[funsec] Off Topic: Heads Up
Kyle C. Quest
kyle.c.quest at gmail.com
Tue Aug 19 09:22:34 CDT 2008
It's funny how you couldn't address any of the points I made and the
positions I presented. If I was so wrong please feel free to support
your claims and back it up with rational facts and logic.
It's also funny that anybody would listen to something called "shadow
CIA"... If the real CIA demonstrated a complete failure what can you
expect from these guys. What exactly is this agency from Texas capable
of? Do they have a huge network of agents throughout the world
including high ranking officials in various countries? Do they have
their own satellites that track military movements, etc?
This was a long article where they were making a lot of claims and to
address them will take a long time. I'll just pick a few:
1. "In spite of diminishing military options outside of the Middle
East, the United States
did not modify its policy in the former Soviet Union. It continued
to aggressively attempt
to influence countries in the region".
This was an easy conclusion to make given all of our actions from the
time USSR dissolved. What's sad
is that we chose to continue the goals of the Cold War instead of
trying to build true partnerships.
We kept pushing and pushing breaking our promises and now we are
simply getting a pushback
and a signal to stop our attack. There's nobody, but us to blame for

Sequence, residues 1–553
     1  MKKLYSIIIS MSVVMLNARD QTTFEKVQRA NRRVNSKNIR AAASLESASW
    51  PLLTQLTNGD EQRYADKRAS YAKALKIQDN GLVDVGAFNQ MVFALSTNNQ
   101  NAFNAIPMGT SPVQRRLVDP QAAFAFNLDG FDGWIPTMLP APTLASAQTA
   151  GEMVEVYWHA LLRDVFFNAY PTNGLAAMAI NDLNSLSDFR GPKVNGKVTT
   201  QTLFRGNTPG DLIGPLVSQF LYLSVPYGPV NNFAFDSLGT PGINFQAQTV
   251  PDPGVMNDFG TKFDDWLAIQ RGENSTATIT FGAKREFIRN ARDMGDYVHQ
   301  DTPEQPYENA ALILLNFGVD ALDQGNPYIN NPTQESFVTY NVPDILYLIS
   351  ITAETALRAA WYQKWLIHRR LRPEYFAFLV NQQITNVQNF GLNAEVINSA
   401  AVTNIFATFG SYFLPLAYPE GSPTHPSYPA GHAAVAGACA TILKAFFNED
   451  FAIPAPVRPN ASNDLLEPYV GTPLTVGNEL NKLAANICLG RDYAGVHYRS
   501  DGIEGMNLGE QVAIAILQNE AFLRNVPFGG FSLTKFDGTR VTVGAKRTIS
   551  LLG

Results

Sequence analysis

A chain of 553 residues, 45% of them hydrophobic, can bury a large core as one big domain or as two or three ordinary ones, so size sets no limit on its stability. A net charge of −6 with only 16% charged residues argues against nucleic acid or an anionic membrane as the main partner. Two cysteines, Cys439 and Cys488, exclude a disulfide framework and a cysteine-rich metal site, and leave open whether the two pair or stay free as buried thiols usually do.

it. We went for a kill...
instead of trying to be true partners.
2. "When the Orange Revolution came to Ukraine, the American and
European impression was
that this was a spontaneous democratic rising. The Russian
perception was that it was a
well-financed CIA operation to foment an anti-Russian and
pro-American uprising in Ukraine."
I wonder why they didn't say what that revolution really was. They
just said... that Americans
and Europeans thought... xyz. Curious to know their position on it. In
the mean time here's
a piece of information that actually came from the "ground". One of
the key tools during
the orange revolution was a big number of protesters in Kiev. Well,
quite a few of those
protesters were students, who ended up there because they were transported there
for free... they were fed for free, and they were given money when
they were there
(in other words they got paid to be protesters). I know that because my wife was
there when it was taking place. The question is where did the money come from?
And when did an "event for hire" became a "spontaneous democratic rising"?
Obviously, not everybody got paid and there were people there for
their political believes,
but moments like this make these events questionable. We are not told
Another questionable thing is the naming convention... "orange
revolution", "rose revolution"...
what will the next "<color> revolution" be and where? Is this like a
CVE number that you
can just reserve or does somebody contact you at the right time with
the revolution info
package that includes titles, speeches, action plans, and color flags :-)
On Tue, Aug 19, 2008 at 1:27 AM, Paul Ferguson <fergdawg at netzero.net> wrote:
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> - -- Kyle C. Quest <kyle.c.quest at gmail.com> wrote:
>>And so was the world population in the middle ages when they thought
>>the world was flat. Nonetheless, they were completely wrong.
> Also, saying the same thing repeatedly does not make it so.
> Although I wanted to refrain from further engaging in this
> discussion (given the off-topic noise), I did want to provide you
> with some additional food for thought:
> I'd love to hear you thoughts on Stratfor's assessment. :-)
> - - ferg
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> "Fergie", a.k.a. Paul Ferguson
> Engineering Architecture for the Internet
> ferg's tech blog: http://fergdawg.blogspot.com/
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